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Author: Ramon Fadli

"Ramon is a hiker, climber, and diver who loves to get off the beaten path. His website is a combination of his drive to explore and his passion to capture and share what he sees. Ramon is a bit of a minimalist and is currently torn between his yearning to travel the world and his need to decrease his carbon footprint. Read more here."
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Cape to Cape Day 04 – Ellensbrook to Conto's Campsite

Cape to Cape Index

A Wrong Turning


Cape to Cape Track I left Ellensbrook campsite a little later than I had hoped, just after 08:00. Realising that I had over 30 kilometres of hiking to do that day, I would need to hike at an average speed of approximately 4 km/h to reach the next campsite before the sun set - a speed that was definitely achievable especially considering that I was now hiking alone. The clouds didn't look too promising though and I caught myself hoping that the weather would hold up. Everything else was perfect - the shade of the trees that filtered the morning light cast everything in a soft, tranquil light, all the shadows long and stretched out. Read more
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Cape to Cape Day 03 – Moses Rock to Ellensbrook

Cape to Cape Index

Wilyabrup Crags


Cape to Cape Track The three of us left Moses Rock campsite just after 09:00 and turned left at the crossroads in order to continue heading Southward. As the views of the coast opened up, the overwhelming power of the ocean immediately became apparent - the initial reverberating smash of the waves against the rocks, the water being powerfully sucked back out to the ocean in the surge that would always follow, and the soft hissing of the suds as they dissipated.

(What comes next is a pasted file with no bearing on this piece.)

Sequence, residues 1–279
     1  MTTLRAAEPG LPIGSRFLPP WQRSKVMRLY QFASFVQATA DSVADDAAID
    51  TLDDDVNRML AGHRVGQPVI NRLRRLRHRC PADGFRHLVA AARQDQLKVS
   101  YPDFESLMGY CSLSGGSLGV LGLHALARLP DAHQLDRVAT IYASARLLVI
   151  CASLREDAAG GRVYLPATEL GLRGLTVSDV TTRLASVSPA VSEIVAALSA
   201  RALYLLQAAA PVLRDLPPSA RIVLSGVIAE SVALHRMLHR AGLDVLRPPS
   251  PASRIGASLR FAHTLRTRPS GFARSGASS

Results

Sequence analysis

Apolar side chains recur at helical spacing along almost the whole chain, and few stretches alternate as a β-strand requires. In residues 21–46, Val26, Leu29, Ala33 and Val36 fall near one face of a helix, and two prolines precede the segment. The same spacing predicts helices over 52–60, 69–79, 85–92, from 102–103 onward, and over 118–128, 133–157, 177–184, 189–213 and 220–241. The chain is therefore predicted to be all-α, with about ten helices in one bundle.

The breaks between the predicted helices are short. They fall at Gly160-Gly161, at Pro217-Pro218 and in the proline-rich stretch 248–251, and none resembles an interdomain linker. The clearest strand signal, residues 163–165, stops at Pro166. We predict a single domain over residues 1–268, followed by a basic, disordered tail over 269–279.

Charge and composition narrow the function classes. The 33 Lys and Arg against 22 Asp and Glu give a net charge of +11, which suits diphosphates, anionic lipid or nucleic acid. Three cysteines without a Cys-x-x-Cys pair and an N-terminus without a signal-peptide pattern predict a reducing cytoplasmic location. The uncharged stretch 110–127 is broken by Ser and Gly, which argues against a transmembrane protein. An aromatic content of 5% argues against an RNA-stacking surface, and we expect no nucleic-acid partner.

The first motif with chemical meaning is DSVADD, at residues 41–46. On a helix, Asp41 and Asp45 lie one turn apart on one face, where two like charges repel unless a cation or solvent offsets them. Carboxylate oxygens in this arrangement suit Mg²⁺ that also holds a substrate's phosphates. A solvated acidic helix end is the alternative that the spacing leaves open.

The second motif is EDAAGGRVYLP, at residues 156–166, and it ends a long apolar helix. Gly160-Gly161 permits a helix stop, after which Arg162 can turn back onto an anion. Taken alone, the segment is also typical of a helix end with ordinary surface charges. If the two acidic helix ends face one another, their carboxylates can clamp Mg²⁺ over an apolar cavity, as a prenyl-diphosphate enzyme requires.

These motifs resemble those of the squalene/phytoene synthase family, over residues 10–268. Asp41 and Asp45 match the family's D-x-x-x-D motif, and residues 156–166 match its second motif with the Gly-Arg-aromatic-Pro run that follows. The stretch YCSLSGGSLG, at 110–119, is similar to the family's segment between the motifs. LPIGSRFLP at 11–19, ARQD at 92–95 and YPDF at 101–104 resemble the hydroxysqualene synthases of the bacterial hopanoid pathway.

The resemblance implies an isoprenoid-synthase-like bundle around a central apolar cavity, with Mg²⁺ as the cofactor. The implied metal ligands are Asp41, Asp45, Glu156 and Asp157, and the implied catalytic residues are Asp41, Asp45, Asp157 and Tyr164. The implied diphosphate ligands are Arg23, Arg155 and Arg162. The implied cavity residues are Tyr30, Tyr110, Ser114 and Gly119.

Despite all this, the other two still seemed pretty discontent. So much so that they were entertaining the notion of pulling out at Gracetown and heading to the climbing crags instead. Read more
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Cape to Cape Day 02 – Yallingup to Moses Rock

Cape to Cape Index

Yallingup


Cape to Cape Track The sky was bleak and overcast as we left Camp Duckworth that morning, with squalls occasionally whipping through the area. As the three of us carried on walking South, I couldn't help but stare at the huge ominous clouds that seemed to be looming in across the ocean from the West.

We passed a junction in the trail about a kilometre in and right after that, we stumbled upon 'The Rabbits' carpark that was located on the Northern edge of the town of Yallingup. The junction that we had passed just before we came upon the carpark was where the 5km Wardanup Hill trail (that passes Ngilgi Cave) merged with the Cape to Cape trail Read more
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Cape to Cape Day 01 – Cape Naturaliste to Yallingup

Cape to Cape Index

Cape Naturaliste Lighthouse


Cape to Cape Track The three of us set off along the Cape to Cape track as soon as we reached the Cape Naturaliste lighthouse. In hindsight, I regret not taking some time to explore the lighthouse itself considering that it is a landmark and an integral part, as a start or end point, of the Cape to Cape track. The beginning of the trail was very easy to locate as the sign posts were very clear and very prominent. We set off down the wide, red path shortly after midday, the sun still high in the sky. The path lead us to the registration booth where we took a moment to sign in. Signing in helps the 'Friends of the Cape to Cape Track' to keep a record of Read more
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Cape to Cape Track

Cape to Cape Day 01 – Cape Naturaliste to Yallingup